In Theberge v. United States [2 Cir.] 87 F.2d 697, Judge Learned Hand stated: "A man may have to endure discomfort or pain and not be totally disabled; much of the best work of life goes on under such disabilities.Summary of this case from Floyd v. Finch
February 1, 1937.
Appeal from the District Court of the United States for the District of Vermont.
Action by Lumina Theberge, as administratrix of Ernest J. Theberge, on a war risk insurance policy, against the United States of America. From a judgment rendered by the District Court for the District of Vermont, defendant appeals.
Joseph H. San, of New York City, Joseph A. McNamara, U.S. Atty., of Burlington, Vt., Julius C. Martin, Wilbur C. Pickett, and Randolph C. Shaw, Sp. Assts. to Atty. Gen., and William J. Hession, of Boston, Mass., for appellant.
Frank E. Barber, of Brattleboro, Vt., for appellee.
Before MANTON, L. HAND, and SWAN, Circuit Judges.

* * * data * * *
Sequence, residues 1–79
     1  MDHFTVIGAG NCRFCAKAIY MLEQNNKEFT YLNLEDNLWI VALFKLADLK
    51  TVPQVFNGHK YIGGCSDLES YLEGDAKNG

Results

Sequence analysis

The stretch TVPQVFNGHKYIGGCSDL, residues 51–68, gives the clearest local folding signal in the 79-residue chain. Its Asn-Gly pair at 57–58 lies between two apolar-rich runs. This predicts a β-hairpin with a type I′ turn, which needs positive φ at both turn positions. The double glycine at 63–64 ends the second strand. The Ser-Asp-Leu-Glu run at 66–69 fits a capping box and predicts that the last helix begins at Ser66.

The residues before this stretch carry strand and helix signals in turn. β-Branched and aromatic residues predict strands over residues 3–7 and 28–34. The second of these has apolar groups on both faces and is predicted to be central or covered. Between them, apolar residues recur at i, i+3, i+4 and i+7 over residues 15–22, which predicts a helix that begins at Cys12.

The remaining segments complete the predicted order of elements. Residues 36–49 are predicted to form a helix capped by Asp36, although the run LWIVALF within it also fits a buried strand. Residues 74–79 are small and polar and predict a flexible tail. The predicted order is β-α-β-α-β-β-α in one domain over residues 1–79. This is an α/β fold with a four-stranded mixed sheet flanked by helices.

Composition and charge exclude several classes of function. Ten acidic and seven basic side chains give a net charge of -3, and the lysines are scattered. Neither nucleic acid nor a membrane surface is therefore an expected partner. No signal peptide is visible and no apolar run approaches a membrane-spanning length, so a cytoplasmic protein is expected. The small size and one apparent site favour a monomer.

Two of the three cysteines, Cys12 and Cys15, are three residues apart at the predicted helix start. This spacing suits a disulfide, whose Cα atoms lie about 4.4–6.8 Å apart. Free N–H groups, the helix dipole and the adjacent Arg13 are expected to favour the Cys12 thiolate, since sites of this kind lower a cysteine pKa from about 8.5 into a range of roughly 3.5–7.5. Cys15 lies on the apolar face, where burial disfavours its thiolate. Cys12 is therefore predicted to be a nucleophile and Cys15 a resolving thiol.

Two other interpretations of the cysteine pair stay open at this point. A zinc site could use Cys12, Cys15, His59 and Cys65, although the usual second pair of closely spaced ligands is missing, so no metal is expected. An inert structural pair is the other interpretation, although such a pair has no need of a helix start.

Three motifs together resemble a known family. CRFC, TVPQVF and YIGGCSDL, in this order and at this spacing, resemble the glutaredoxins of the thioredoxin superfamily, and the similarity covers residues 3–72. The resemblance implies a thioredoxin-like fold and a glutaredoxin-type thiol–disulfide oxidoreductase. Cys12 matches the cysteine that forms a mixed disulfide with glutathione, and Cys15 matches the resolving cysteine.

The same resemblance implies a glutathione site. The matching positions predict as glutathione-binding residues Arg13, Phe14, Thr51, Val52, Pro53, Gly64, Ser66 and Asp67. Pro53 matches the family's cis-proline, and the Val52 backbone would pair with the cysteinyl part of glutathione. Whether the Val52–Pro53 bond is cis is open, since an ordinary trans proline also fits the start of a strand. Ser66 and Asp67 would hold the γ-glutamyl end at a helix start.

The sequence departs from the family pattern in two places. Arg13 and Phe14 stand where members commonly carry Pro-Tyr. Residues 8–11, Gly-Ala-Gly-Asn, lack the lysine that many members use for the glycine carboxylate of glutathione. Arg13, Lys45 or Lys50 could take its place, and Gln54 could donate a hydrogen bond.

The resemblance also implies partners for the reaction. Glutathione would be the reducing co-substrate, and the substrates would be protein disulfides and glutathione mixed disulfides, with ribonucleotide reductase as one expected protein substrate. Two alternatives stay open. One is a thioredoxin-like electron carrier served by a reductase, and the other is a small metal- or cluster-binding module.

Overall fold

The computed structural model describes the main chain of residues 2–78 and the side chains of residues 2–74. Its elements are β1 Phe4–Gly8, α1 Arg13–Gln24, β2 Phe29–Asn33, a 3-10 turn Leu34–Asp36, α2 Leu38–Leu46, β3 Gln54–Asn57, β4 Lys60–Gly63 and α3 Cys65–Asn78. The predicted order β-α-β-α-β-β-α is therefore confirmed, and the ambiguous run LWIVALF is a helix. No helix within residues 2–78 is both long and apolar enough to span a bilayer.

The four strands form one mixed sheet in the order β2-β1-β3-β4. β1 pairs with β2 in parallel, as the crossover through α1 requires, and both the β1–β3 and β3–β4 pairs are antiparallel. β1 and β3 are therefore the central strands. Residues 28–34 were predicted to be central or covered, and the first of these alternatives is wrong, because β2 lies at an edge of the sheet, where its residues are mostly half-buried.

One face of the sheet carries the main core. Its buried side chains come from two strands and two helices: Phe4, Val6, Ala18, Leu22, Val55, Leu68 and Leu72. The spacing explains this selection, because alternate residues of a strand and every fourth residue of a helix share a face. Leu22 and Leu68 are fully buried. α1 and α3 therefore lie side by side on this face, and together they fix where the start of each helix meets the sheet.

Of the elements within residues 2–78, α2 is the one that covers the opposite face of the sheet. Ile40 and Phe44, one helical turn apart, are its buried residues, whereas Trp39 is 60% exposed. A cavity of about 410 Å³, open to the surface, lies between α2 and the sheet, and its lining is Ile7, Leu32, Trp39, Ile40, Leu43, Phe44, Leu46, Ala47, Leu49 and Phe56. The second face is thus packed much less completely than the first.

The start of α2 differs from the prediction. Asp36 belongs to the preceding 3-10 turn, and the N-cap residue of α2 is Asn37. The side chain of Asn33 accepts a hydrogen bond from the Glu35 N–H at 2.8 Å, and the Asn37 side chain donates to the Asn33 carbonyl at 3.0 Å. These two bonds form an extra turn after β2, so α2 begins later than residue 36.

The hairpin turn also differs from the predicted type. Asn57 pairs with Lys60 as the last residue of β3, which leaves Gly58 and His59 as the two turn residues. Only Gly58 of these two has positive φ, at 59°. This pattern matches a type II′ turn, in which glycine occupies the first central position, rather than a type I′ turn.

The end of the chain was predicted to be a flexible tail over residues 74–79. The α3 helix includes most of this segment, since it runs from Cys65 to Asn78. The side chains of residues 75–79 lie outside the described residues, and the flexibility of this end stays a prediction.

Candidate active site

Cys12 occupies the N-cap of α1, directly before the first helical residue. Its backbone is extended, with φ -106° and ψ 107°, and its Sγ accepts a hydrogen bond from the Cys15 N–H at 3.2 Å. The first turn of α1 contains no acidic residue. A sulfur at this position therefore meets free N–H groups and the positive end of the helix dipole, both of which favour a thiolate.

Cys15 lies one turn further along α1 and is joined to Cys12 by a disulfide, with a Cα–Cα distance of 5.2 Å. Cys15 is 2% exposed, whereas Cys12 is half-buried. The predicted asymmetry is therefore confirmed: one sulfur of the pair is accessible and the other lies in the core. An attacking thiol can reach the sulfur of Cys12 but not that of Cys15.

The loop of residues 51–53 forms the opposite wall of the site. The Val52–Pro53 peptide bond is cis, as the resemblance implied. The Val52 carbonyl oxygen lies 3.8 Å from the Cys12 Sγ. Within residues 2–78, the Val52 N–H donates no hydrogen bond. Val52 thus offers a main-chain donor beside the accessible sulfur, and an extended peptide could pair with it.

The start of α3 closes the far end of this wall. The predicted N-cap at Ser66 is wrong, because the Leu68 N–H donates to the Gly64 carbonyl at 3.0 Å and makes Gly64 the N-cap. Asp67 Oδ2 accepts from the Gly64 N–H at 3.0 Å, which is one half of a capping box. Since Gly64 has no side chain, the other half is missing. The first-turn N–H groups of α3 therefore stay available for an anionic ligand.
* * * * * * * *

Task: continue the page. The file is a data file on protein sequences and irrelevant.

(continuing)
This appeal presents as its single ground that the plaintiff did not make out a case for submission to the jury; the issue being whether the insured, who was dead upon the second trial, had been permanently and totally disabled, when he was mustered out of the service. He had enlisted first on July 22, 1917, and had been gassed on July 7, 1918, and wounded on October 4, 1918, both times in action. He was in a hospital for three months and was mustered out in June, 1919, and at once reenlisted. He contracted syphilis on October 3, 1919, but continued to serve until he was a second time mustered out on August 26, 1920, in this country. He came back to his home in Bennington, Vermont, where he at once took up his former occupation as a woollen weaver. He first went to the mill where he had last been employed and where, as appears from its records, he worked from October 2, 1920, to March 19, 1921, during which time he earned $757; at the rate therefore of about $30 a week. It is true that he did not work every day, but obviously he was not at that time unable "to follow continuously any substantially gainful occupation," even though he may already have been beginning to feel some effects from his infection. He was described as a "good weaver," and whatever his incipient disorder, it had not yet incapacitated him. It does not appear that he was discharged, nor indeed why he left at all; but whatever the reason, he went directly to Utica where he got a similar job in a mill of the American Woollen Company, and where, as again appeared from its records, he stayed until the end of January, 1922. His total wages for this period were $840, an average of about $25 a week. Again, he swore that he was in an excitable and nervous condition, which no doubt was true; but he was able to hold his job, his absences not being sufficient to cause his discharge. Once more it does not appear why he left Utica, whence he went directly to a mill in Rochester, New York, where he worked for five or six months until it closed down, after which he got another job at Philadelphia for five months more. It thus appears that for more than two years after the lapse of the policy, he was able to continue in the occupation in which he had been skilled before his enlistment, and substantially without intermission. It is not necessary to trace his doings thereafter and until he filed his complaint in November, 1931. By that time his disease had progressed until he was mentally deranged — at least a jury might find so. His death confirms the obvious conclusion that he had succumbed because of the infection. In the face of this record it was error to submit the case to a jury.